The Best China
This is the latest chapter in ‘Hong Kong Apostasy’, a feature of ‘The Best China’ section of China Heritage devoted to the 2019 Anti-Extradition Bill Protest Movement. Its author, the veteran journalist Lee Yee 李怡 (李秉堯), was the founding editor of The Seventies Monthly 七十年代月刊 and he has been a prominent commentator on Chinese, Hong Kong and Taiwan politics, as well as the global scene, for over half a century.
This essay is translated from ‘Ways of the World’ 世道人生, the column Lee Yee writes for Apple Daily 蘋果日報.
— Geremie R. Barmé
Editor, China Heritage
22 July 2019
- 李怡, 「緩你老母」,《蘋果日報》, 2019年6月17日
- 李怡, 斑羚飛渡, 《蘋果日報》, 2019年7月4日
- Lee Yee 李怡, ‘Endgame Hong Kong’, China Heritage, 5 July 2019
- Xu Zhangrun 許章潤, ‘The Case for Humanity Over Bastardry’, China Heritage, 10 July 2019
- Radio Television Hong Kong, ‘Hong Kong Headliner — Kill Bill’, China Heritage, 14 July 2019
- Lee Yee 李怡, ‘Young Hong Kong’, China Heritage, 16 July 2019
- Lee Yee 李怡, ‘Hong Kong Goes Grey for a Day’, China Heritage, 20 July 2019
- Geremie R. Barmé, ‘The Kong-Tai Style’, in In the Red: on contemporary Chinese culture, New York: Columbia University Press, 1999, pp.241-245
Prologue: Today Hong Kong, Tomorrow Taiwan
When I was in Taiwan presenting a series of lectures following the events of Fourth of June 1989 [that is, the Beijing Massacre that brought a violent end to the months-long pro-democracy protest movement that had involved millions of people and enveloped dozens of cities in the People’s Republic], I was struck by how little interest there was in the recent events on the Mainland. The response of most people seemed to be: in the future the Mainland and Taiwan are simply going to go their separate ways. Anyway, killing people in the streets of Beijing like that has absolutely nothing to do with us.
Later on, as the Mainland economy really took off, Beijing was gradually able to exert both economic as well as increasing political pressure on Taiwan. For many years thereafter, the authorities on the Mainland tended to emphasise the importance of advancing cross-strait relations; they refrained from too much talk about unification or advocating the ‘One Country, Two Systems’ policy framework for Taiwan. But early this year [in a major speech on the Taiwan question made on 1 January], Xi Jinping made a point of addressing those very topics [as well as stating that the Mainland retained the option of reunification at gunpoint]. The upshot is that Taiwan faces a stark choice about its priorities. That is, should it:
- Lean in further to the Mainland economy to bolster its prosperity; or,
- Safeguard its autonomy, democracy and freedoms.
Without doubt, the unfolding Anti-Extradition Bill Protests of Hong Kong in 2019 offer people in Taiwan much useful food for thought. …
[The author goes on to discuss reports that Hong Kong protesters who believed that they were marked for persecution were seeking political asylum in Taiwan. The response was positive. — trans.]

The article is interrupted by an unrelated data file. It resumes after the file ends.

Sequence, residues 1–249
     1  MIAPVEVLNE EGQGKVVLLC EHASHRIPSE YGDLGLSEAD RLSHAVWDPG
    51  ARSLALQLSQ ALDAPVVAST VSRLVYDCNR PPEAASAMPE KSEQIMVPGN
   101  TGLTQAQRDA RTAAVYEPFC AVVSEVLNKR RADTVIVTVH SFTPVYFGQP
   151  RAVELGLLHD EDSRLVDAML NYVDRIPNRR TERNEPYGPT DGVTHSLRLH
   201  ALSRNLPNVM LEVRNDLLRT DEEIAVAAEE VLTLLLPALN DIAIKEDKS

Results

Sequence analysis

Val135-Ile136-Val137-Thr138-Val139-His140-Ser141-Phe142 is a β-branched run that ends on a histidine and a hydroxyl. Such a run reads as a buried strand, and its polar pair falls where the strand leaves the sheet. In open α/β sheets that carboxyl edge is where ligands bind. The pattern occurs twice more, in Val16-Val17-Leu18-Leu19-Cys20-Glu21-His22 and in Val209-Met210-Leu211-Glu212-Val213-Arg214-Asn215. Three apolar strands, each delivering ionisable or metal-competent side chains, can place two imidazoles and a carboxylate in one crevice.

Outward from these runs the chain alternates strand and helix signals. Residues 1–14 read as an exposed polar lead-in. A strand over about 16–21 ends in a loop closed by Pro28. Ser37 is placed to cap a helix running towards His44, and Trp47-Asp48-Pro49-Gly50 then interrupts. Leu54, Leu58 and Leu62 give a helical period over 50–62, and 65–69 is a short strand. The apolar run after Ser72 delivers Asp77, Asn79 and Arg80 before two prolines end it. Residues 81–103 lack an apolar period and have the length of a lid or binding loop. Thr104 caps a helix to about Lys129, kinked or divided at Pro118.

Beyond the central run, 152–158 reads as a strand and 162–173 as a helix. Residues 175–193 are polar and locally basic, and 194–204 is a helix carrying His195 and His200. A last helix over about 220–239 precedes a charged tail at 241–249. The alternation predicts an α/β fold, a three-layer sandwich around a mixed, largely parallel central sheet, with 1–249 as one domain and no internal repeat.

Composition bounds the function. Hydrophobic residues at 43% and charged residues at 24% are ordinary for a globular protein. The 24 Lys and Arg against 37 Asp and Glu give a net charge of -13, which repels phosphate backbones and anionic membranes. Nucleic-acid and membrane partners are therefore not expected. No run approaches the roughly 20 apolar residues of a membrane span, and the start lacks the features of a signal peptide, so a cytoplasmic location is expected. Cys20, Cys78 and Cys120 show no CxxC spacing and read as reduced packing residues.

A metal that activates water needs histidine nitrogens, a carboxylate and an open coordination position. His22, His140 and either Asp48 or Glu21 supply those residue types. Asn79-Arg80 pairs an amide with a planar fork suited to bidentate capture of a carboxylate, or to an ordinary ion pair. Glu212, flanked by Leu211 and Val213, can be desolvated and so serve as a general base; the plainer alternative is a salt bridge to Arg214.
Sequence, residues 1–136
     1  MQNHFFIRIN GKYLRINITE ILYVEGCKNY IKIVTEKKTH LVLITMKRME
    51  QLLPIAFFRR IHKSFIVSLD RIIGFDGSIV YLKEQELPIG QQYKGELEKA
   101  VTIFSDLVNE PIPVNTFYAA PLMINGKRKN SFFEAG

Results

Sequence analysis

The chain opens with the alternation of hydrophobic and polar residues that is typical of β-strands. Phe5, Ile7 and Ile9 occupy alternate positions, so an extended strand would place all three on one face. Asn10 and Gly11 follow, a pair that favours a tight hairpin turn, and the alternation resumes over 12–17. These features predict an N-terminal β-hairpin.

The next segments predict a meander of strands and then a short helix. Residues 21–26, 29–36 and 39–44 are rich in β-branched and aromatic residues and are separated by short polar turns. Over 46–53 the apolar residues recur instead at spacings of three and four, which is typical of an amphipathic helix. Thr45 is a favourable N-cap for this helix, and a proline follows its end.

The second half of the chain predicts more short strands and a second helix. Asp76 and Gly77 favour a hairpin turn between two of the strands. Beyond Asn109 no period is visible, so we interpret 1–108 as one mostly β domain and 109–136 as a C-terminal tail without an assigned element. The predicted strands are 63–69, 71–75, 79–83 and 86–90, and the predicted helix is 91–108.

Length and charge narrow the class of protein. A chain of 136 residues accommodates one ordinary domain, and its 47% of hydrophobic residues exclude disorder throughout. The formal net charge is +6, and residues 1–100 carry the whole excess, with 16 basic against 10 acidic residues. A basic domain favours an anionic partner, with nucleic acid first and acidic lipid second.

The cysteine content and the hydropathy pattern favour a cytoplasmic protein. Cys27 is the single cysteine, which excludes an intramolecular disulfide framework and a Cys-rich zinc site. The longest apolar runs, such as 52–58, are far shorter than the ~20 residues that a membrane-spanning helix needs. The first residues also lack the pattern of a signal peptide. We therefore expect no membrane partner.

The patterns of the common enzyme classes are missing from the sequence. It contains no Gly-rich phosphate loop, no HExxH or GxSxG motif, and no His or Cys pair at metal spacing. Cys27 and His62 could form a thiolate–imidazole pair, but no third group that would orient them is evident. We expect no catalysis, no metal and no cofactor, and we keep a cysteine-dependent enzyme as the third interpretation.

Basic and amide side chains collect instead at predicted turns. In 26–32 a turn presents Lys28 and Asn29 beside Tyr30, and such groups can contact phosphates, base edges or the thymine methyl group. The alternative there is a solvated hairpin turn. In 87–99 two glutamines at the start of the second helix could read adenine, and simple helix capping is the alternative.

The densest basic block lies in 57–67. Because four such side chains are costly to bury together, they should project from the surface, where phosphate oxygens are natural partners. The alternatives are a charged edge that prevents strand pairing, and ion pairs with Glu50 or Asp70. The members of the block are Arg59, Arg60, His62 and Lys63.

Today, the evolving reality is simple: Hong Kong and Taiwan should form a ‘Community of Shared Destiny’ [here the author recasts a significant Xi Jinping catch-phrase; for more on its significance, see Shared Destiny: China Story Yearbook 2014]. That is to say, as such Hong Kong being as it is on the frontline, can alert Taiwan to the Communist threat, while Taiwan can provide logistical backup to the Hong Kong People who are facing down Beijing.
This ‘Kong-Tai Community of Shared Destiny’ already faces two very different possibilities: to remain in the camp of Civilised Humanity or to join that of Autocratic Bastardry. [For more on this choice, see here.]
— from Lee Yee, ‘The Kong-Tai Community of Shared Destiny’
李怡, 台港命運共同體,《蘋果日報》, 2019年7月22日
trans. Geremie R. Barmé
An Editorial Note on a T-shirt:
On 13 June 2019, a riot-gear-wearing policeman was filmed taunting protesters by shouting:
‘Come on, let’s have you — fucking freedom cunts!’
— for the video, see here.
Here the word for ‘cunt’ 閪 is pronounced ‘hi/ hai’. It features in the common Cantonese 粗口, or vulgarism, 屌你老母[閪], ‘fuck your mother’s [cunt]’, an expression that is equivalent both in meaning and frequency of use to the northern obscenity 肏你媽[個屄], or 他媽的, a hallowed ‘national swearword’ 國罵 that is also known as 三字經, the ‘three-word classic’. (In Standard Chinese the character 閪 is pronounced sē, although its meaning is unrelated to genitalia.)
On the T-shirt featured above, 自由 — ‘freedom’ — is melded with 閪 ‘hi’ to create the compound character ‘自由-HI’, ‘Freedom Cunt’.
- 過路人, ‘談談「自由閪」的「閪」字’, 2019年6月15日; and,
- Victor Mair, ‘Hong Kong Protest Puns’, Language Log, 20 June 2019
We Are Hong Kong
Lee Yee 李怡
Translated by Geremie R. Barmé
The results of the most recent opinion poll conducted by Hong Kong Public Opinion Research Institute released the other day indicate that support among Hong Kong people for Taiwan independence had increased to forty-four percent, up nine percentage points since it was last gauged in early 2019. Meanwhile, popular opposition to the notion of Taiwan independence had fallen to forty-four percent, down six percentage points. [See: 新形勢下的2020台灣總統大選, 2019年6月24日] . This is the first time since these polls were initiated in 1993 that these two figures have approached parity.